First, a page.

How to Prove Fault in a Car Accident Case

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Rivas Law Group

Winter Haven, FL

Was a police report filed?
  • Perhaps a careless teenage driver rear-ended you at a stop light, because he had been distracted by Instagram on his phone. Or maybe an overworked, fatigued trucker side-swiped your vehicle on the freeway and caused serious injuries to you and fellow passengers. In either case, you want grounded, insider tips for how to win your potential car accident case.

    Three Crucial Elements

    Every case differs in the details, and different relevant laws can apply. However, in general, as a plaintiff, you'll need to prove three basic points:

    1. The other driver engaged in carelessness, recklessness or another type of wrongdoing on the road. For instance, he or she failed to yield, violated a red light rule, texted while driving, et cetera.
    2. That negligence or carelessness caused an accident.
    3. The accident led to damages, such as an injury that needed surgery or physical therapy.

    In general, the more evidence that you can assemble to support these three points, the stronger your case will be.

    Types of Evidence That Can Support Your Case

    The nature and relevance of any evidence will obviously depend on the details of the case. For instance, if a truck driver hit your vehicle, his hours of service log could be crucial. You could use it to show that he had been driving in violation of company or industry policy. However, if a passenger car hit you, obviously you cannot use (or even find) an hours of service log.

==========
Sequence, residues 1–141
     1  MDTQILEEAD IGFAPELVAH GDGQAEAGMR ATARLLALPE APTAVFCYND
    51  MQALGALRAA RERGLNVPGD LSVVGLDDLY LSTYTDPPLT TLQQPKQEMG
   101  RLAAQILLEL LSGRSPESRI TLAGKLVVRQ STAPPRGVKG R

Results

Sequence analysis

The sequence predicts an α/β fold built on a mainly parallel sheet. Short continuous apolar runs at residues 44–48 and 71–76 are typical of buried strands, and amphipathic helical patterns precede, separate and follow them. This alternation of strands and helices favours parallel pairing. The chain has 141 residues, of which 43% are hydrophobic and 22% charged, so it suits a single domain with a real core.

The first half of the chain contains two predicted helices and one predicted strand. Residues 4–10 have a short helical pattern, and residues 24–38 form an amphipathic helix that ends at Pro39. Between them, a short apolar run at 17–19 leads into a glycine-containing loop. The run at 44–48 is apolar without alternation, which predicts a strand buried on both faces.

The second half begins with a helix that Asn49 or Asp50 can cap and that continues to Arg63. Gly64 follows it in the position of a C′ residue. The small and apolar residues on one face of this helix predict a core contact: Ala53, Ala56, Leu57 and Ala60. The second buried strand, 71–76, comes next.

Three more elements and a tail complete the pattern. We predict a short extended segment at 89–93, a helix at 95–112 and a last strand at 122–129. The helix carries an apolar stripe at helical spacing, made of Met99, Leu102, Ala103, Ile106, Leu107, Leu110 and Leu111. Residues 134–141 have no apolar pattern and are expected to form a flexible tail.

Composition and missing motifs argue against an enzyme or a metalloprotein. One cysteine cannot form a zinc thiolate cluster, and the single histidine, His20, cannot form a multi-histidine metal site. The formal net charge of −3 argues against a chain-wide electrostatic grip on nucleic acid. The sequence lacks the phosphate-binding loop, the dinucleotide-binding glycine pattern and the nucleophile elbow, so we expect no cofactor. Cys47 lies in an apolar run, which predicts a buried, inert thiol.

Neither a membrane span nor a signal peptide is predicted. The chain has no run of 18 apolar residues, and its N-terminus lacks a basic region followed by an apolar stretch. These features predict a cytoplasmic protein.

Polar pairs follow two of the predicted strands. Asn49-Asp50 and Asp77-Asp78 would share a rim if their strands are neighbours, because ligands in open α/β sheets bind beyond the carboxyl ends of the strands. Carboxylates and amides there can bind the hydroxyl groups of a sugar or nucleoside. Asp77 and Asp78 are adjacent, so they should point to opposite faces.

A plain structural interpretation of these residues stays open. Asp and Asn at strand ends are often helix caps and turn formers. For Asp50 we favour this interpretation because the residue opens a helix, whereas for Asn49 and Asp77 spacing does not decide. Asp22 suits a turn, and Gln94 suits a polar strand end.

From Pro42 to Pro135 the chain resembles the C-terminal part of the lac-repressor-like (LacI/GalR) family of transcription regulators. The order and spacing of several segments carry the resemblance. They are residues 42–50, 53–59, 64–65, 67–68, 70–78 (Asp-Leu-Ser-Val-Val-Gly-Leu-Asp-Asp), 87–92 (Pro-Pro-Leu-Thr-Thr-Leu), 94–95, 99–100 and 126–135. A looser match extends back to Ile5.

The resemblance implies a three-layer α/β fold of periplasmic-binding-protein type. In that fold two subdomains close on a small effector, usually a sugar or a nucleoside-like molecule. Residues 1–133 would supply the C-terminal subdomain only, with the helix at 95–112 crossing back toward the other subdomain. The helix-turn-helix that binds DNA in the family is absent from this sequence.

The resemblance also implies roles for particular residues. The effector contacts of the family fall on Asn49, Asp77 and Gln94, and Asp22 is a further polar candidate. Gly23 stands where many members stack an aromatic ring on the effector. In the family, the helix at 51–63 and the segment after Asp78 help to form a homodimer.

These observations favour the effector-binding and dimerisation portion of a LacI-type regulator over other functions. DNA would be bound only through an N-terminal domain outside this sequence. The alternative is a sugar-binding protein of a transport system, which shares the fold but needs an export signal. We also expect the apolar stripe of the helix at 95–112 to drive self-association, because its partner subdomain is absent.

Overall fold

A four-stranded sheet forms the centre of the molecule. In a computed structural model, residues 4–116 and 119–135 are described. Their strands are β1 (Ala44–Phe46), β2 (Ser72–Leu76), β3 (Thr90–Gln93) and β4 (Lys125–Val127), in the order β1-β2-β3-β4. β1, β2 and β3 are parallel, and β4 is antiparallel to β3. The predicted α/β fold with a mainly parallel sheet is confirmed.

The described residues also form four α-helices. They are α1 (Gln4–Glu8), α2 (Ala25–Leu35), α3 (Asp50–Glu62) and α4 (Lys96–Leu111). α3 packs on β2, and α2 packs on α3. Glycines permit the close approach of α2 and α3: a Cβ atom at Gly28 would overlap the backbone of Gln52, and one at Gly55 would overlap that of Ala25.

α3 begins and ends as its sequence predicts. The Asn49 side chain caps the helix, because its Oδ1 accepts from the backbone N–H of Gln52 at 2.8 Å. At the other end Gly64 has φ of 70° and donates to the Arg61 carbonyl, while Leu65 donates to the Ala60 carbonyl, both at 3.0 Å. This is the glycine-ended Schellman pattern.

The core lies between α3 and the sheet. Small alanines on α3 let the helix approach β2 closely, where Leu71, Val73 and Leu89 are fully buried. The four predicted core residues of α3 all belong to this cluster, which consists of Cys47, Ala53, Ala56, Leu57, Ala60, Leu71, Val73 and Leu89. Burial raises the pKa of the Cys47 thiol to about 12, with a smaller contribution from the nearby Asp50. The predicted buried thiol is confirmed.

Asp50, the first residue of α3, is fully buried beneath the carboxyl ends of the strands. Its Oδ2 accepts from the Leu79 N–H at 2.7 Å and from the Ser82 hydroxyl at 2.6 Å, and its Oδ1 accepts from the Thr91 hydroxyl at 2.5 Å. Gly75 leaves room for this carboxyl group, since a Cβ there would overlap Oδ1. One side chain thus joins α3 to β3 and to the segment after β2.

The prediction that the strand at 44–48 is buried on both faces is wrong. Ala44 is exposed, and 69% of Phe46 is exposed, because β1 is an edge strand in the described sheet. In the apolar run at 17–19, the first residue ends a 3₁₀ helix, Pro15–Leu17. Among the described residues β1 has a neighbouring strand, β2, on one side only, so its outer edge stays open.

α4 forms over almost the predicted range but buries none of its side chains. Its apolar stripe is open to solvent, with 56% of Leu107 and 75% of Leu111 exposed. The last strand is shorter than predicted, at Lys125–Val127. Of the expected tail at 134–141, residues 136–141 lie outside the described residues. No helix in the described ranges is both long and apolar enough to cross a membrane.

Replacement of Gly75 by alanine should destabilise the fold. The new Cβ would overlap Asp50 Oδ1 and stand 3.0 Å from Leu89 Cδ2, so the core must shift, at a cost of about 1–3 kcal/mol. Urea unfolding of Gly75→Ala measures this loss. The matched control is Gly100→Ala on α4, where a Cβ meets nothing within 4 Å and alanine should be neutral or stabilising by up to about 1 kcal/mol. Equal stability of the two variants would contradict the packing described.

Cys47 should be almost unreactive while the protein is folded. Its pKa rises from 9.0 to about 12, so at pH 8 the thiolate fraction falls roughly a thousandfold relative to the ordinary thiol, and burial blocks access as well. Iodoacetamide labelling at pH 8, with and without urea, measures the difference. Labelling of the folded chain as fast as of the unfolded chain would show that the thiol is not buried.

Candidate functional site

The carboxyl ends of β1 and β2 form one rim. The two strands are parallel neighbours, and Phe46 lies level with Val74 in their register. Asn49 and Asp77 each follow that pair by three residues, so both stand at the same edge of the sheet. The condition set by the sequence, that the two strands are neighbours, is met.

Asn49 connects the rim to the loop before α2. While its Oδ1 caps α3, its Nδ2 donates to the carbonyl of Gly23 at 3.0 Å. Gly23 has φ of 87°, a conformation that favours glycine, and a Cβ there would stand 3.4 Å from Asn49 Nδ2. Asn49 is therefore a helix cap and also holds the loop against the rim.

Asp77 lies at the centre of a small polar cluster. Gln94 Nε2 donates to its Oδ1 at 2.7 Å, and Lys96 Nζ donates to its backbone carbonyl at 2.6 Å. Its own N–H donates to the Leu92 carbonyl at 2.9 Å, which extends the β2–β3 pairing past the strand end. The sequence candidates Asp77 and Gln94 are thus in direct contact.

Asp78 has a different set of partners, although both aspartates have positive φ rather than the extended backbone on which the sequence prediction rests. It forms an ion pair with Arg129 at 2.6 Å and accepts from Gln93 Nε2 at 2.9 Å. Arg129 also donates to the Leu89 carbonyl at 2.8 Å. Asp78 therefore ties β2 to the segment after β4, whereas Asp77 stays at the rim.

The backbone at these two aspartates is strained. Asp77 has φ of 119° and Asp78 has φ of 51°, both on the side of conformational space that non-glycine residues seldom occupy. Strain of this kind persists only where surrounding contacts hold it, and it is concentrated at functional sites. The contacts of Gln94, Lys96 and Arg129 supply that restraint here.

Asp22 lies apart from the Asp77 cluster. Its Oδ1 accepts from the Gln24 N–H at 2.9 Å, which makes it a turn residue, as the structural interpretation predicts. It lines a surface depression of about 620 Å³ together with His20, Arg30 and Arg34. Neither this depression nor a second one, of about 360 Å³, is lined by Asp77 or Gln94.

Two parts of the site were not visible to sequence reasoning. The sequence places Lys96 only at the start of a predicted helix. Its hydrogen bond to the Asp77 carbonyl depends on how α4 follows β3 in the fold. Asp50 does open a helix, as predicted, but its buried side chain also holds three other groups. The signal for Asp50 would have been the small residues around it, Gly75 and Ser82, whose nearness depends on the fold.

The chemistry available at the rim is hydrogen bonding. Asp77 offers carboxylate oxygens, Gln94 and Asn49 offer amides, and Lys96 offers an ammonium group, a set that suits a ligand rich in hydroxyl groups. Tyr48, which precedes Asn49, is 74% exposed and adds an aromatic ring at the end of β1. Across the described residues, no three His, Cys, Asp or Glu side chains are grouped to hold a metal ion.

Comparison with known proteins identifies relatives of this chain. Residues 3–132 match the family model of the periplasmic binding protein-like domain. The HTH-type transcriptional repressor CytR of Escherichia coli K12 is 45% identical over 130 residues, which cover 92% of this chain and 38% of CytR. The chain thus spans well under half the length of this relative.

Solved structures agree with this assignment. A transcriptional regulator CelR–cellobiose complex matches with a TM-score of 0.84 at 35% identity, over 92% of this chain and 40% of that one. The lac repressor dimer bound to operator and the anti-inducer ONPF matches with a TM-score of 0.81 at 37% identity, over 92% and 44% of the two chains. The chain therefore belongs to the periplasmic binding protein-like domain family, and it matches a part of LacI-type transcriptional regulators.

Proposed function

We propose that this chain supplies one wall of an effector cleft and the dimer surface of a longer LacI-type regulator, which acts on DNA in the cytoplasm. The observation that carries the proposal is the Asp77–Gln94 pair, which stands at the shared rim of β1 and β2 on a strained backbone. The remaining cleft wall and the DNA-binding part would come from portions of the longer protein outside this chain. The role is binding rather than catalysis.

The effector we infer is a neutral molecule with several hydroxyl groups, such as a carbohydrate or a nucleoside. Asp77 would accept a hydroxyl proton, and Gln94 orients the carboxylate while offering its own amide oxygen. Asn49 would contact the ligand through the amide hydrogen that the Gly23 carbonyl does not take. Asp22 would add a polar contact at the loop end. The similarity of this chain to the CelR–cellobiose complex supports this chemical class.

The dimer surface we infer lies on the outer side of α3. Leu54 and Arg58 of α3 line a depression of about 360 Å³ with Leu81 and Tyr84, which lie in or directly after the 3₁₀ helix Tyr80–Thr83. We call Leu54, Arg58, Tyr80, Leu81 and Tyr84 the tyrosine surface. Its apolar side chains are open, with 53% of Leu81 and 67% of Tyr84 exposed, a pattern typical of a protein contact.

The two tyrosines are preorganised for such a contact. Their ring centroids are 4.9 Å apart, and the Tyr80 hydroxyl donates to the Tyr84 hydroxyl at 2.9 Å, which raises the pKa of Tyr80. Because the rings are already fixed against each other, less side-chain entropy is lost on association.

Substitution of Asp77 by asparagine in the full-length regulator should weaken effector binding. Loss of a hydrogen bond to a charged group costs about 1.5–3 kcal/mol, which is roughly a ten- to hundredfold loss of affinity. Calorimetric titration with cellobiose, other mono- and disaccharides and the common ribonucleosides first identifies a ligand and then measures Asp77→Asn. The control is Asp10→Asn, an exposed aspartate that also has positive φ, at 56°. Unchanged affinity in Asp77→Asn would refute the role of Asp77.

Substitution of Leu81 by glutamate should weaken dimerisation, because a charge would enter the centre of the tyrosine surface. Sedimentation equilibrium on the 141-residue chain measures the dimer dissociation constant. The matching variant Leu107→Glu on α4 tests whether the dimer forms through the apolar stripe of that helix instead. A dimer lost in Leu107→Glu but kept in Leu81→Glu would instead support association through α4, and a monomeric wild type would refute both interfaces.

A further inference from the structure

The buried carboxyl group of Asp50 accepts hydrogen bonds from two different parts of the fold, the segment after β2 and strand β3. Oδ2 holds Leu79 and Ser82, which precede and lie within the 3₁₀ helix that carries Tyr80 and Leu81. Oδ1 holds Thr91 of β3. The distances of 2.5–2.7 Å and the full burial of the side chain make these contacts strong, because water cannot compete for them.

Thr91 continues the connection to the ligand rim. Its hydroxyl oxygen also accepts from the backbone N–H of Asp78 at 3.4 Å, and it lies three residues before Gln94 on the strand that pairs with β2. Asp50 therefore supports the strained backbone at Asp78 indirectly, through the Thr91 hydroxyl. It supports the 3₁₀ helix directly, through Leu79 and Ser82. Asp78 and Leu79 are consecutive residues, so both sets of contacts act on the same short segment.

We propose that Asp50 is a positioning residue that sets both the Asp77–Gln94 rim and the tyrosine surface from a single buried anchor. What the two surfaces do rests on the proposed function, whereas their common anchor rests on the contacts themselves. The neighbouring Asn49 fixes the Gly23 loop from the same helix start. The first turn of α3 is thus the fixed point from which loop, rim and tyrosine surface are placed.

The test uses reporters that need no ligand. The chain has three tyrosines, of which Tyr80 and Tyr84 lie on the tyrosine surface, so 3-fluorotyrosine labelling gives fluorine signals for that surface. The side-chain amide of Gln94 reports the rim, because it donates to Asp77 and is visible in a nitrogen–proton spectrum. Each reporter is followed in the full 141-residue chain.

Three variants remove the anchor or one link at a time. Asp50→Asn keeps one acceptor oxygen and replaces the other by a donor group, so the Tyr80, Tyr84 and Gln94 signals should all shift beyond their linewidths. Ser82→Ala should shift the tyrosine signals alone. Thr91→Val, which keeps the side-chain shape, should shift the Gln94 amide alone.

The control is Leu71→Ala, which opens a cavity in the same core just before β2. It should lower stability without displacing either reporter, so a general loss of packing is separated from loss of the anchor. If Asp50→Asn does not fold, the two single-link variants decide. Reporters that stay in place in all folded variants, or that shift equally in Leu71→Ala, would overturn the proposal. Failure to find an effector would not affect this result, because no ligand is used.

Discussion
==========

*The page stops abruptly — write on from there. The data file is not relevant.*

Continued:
Here are some general sources of evidence:

    • A police report written up after the accident. If you don't already have a copy, be sure to obtain one ASAP.
    • Evidence that you or a fellow passenger had to be treated for injuries at a hospital, doctor's office, or rehabilitation clinic. Keep all records of conversations you have with physicians or rehab specialists and save relevant receipts for potential reimbursement.
    • Witness testimony. For instance, perhaps a pedestrian saw the crash occur, or maybe another driver in a vehicle behind you witnessed the collision. In general, written testimony is stronger than oral. The faster the witness can document what he or she saw, the better. Human memory is notoriously porous; social science has documented literally dozens of ways in which our memories can warp over time.
    • Pictures of any injuries as well as damage to the car. Use a cell phone camera or a disposable camera from your glove compartment to snap photos immediately after a crash. If you're too injured or "out of it" to handle this task, deputize someone else – such as a family member or a fellow passenger – to do so for you.
    • Evidence from an investigation. An investigator can also dig up information to help prove your case, including data from a commercial vehicle's "black box," maintenance records for vehicles involved, cell phone records that demonstrate driver distraction at the time of the crash, and information about the other driver's criminal background.
    • Forensic evidence. Experts can assemble evidence to show exactly how and why the crash occurred and validate your position.

    If you or someone you love got hurt in a car or motorcycle accident in Florida, contact an experienced personal injury attorney for insight into how to maximize your chances to obtain compensation and justice.

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